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Federal Housing Administration extended its COVID-19 toolkit to help all eligible borrowers struggling to avoid foreclosure
Submitted by the U.S. Department of Housing and Urban Development
U.S. Department of Housing and Urban Development Secretary Marcia L. Fudge announced that, thanks to Federal Housing Administration (FHA) programs, approximately 2 million homeowners with FHA mortgages, including 73,700 in New York, avoided foreclosure. They were able to stay in their homes from March 2020 through December 2022, ensuring the health and safety of their families. FHA borrowers struggling to make mortgage payments due to the pandemic received either COVID-19 forbearance or a permanent loan modification that allowed them to avoid foreclosure.
“Although the pandemic has ended, the economic effects will remain a challenge for the foreseeable future,” Fudge said. “These impactful and effective foreclosure prevention tools will help struggling borrowers find the right option to help them get back on their feet and keep them in their homes. These tools have been so successful already, which is why FHA worked to enhance them further and include more borrowers.”
During the COVID-19 pandemic, thousands of homeowners lost their jobs or saw their earnings reduced, making it difficult to keep up with their mortgage payments. HUD’s Federal Housing Administration assisted struggling homeowners by providing the following options:
√ Forbearance – owners received a paused or reduced mortgage payment for a period of time.
√ Home retention support – owners received an option designed to help them return to sustainable mortgage payments, bring their mortgage payment current, and avoid foreclosure. This includes options such as putting arrearages at the end of their mortgage or obtaining a loan modification.
"The high cost of living and property taxes make living in New York particularly challenging for struggling homeowners, especially during the pandemic when so many lost their jobs," said Alicka Ampry-Samuel, HUD regional administrator for New York and New Jersey. "In addition to providing forbearance, HUD's Federal Housing Administration, or FHA, provided nearly 51,200 New Yorkers home retention support to keep families in their homes at a critical time when they needed to remain isolated and safe from COVID."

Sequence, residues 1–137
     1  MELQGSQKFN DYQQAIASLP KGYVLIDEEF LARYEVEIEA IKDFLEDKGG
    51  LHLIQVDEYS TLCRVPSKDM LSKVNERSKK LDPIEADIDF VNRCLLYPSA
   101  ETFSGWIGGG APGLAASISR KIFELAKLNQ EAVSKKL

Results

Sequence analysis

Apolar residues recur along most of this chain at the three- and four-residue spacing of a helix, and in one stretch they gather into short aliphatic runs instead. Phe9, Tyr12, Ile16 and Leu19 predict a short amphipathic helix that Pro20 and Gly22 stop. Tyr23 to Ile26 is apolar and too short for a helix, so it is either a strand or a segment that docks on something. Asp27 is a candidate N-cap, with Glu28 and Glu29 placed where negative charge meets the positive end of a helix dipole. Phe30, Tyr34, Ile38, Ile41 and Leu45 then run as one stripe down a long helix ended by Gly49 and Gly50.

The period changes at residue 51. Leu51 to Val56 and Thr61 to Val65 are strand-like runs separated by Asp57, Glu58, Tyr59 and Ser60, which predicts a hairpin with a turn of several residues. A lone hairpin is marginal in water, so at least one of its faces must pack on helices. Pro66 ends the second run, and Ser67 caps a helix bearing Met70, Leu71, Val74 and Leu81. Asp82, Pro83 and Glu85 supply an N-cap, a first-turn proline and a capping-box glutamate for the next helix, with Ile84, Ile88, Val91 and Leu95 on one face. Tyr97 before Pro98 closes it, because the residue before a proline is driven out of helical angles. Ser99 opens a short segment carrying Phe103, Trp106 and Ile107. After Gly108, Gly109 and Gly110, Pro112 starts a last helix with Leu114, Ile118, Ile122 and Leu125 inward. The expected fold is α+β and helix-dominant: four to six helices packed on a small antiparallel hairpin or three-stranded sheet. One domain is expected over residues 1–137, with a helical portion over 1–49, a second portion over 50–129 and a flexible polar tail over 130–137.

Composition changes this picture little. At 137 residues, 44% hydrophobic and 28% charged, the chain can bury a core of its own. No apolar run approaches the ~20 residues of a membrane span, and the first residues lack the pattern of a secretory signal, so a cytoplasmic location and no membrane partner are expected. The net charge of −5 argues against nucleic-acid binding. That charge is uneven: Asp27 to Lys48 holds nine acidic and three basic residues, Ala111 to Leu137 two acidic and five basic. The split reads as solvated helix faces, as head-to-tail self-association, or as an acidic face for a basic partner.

Noting the effectiveness, last week FHA extended its COVID-19 toolkit at least for the next 18 months to help all eligible borrowers struggling to avoid foreclosure, regardless of the reason for their hardship.
Included in the new enhancements are updates that also increase the limit on the amount of interest-free arrearages that borrowers can pay at the end of their mortgage term to help maximize the number of borrowers able to retain their homes despite higher interest rates. The mandatory effective date of the changes is April 30, 2023, but mortgage servicers may begin offering these options to borrowers immediately.
In the last two years, FHA has helped 1,845,000 mortgage holders enter into an agreement with their mortgage servicer to have their mortgage payments paused or reduced (forbearance) due to COVID-19. Additionally, 1.2 million (most of whom obtained this help after a forbearance) were able to resume payments and put any arrearages at the end of their mortgage, or obtain a loan modification that reduced their payment to avoid foreclosure. Currently, another 58,000 borrowers are working with their servicer to finalize an option to avoid foreclosure. For borrowers of color specifically, FHA helped 800,000 individuals and families of color through forbearance, and almost 550,000 through a loss mitigation option.
HUD's mission is to create strong, sustainable, inclusive communities and quality affordable homes for all. More information about HUD and its programs is available at www.hud.gov and https://espanol.hud.gov. Connect with HUD on social media or follow Fudge on Twitter and Facebook or sign up for news alerts on HUD's email list.
√ HUD COVID-19 resources and fact sheets
√ Learn more about HUD's property appraisal and valuation equity work